• Fabric from Ikea (about $8.00 worth)
  • Vinyl mini-blind from Target ($3.95)
  • Fabric glue (had on hand)
  • Hemming Tape (had on hand)

That brings the grand total to less than 12 dollars a shade! I’m so excited about these, that I’ve already planned ones for the living room! I hope you like them! 


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About C.A.

I'm the daughter of a Marine and a "Bond Girl" type of mom who bestowed upon me a wealth of wisdom. I want to bring that courage, purpose, intelligence, resourcefulness, glamour and joie-de-vivre into every aspect of my life.
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23 Responses to Roman (Shade) Holiday

  1. keri says:

    GENIOUS!!!! I’m so inspired and can’t wait to tackle some for my house. Thanks for the step by step instructions.

  2. kelly catanese says:

    Awesome tutorial! Thanks for sharing!!

  3. Karen says:

    Will definitely file away this tutorial! Awesome. I’ll email photos and tutorial I found for the cornice boards. Have a lovely day:)

  4. susan seagroves says:

    you are so smart and talented! your blinds look great, and what a price!!!

    i encourage you to pursue a “blog job” with hearst publishing company…
    you have an “in”, so go for it…your blog is fresh and fun, and contains so
    many great ideas and tips…especially for young home owners:)

    • C.A. says:

      Thank you! What a compliment!! I’m going to go for it – it’s definitely worth a shot. I really appreciate your words of encouragement! xoxo

  5. Cindy @Made2Style says:

    They came out great! Love the fabric!!

  6. Hatton says:

    So pretty! And love the photos of y’all running and the picnic. Miss you!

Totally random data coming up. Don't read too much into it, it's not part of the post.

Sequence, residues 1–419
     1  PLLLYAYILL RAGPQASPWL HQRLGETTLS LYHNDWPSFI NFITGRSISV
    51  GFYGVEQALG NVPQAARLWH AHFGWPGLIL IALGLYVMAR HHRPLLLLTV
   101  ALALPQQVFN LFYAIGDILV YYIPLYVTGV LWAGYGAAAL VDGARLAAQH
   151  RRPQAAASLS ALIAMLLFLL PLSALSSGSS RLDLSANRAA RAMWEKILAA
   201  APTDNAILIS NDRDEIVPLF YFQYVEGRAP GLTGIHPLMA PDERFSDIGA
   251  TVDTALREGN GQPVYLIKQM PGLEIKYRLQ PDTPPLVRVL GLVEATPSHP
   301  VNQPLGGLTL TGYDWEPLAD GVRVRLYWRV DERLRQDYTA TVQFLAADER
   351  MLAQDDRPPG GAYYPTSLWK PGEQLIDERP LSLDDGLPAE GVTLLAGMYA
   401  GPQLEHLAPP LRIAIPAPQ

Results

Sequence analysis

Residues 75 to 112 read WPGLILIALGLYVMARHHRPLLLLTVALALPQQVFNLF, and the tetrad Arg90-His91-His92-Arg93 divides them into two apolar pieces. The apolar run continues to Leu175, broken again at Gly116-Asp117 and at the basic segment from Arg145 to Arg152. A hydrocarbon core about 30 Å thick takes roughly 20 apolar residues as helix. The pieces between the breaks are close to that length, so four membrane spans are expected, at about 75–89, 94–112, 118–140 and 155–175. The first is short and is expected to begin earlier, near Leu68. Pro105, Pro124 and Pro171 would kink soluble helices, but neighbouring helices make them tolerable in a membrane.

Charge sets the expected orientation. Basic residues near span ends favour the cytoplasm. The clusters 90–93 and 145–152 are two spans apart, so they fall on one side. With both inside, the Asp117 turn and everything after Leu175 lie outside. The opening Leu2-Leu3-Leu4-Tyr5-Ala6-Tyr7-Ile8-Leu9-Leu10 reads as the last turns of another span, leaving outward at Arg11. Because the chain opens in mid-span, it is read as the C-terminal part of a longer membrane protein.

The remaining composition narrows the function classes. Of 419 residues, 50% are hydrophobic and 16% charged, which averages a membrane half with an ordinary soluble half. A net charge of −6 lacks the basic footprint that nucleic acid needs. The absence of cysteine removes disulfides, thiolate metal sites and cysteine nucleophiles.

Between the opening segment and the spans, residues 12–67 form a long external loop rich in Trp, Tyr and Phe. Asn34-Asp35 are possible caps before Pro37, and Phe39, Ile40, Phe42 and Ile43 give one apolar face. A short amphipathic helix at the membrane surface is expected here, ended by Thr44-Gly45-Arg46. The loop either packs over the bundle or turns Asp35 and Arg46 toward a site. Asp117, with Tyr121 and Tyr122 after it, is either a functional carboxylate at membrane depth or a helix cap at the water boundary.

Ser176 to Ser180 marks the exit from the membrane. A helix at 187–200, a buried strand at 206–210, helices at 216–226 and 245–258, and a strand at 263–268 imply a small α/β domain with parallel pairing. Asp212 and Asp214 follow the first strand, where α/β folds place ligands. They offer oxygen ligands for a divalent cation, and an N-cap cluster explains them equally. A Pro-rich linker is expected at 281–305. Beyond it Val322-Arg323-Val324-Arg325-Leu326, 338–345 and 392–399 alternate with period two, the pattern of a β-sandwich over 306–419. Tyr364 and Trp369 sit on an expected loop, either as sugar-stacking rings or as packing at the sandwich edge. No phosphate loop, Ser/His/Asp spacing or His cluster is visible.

7. Ashley says:

    I think I am going to try and tackle some of these for my living room today. But instead of leaving the back all blank and weird looking, you see my windows as you walk up to my house, I am going to try to put a lighter fabric on the back side so it looks pretty :D

    • C.A. says:

      Let me know how it goes! I’m interested in using a liner as well, but I worried that the shade wouldn’t fold up properly with one on. I guess you could always do the above steps with your liner fabric itself, and then attach your decorative fabric to the front. This means the slats would still show on the back though. Hmm. Definitely something to think about!

      I’m actually considering using wooden dowels (painted white) in the future just to make it a little more upscale.

  8. Nisha says:

    I found your blog through Reddit a while ago and fell in love. I especially love these tutorials you post. My husband and I are in the process of doing a complete makeover to our house and one of the things I absolutely hate are the blinds. This is an AWESOME idea and it saves us so much money! My husband’s still a bit sceptic about it but I’ll prove him wrong ;)

    • C.A. says:

      Thank you Nisha! That is so nice of you to say! :) I’m glad you like the tutorials, and I’ll keep them coming! I’m actually working on one now for a different kind of roman shade (that I hope looks even more upscale). I’m always trying to take inspiration from magazines and books and produce something lovely for our home that cost next to no money! Luckily I enjoy the process. There really is a certain pride that comes with making something yourself. :)


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  12. MamaBearVB says:

    GREAT idea! I had old, broken, wood blinds when we moved into our new home, and this was the perfect fix to redeem them since I got to cut out the broken slats. I am worried about how they will look like from the back, but for an afternoon’s work (including fabric shopping), this is a fantastic idea. Might just add on fabric on the back later. THANK YOU!!!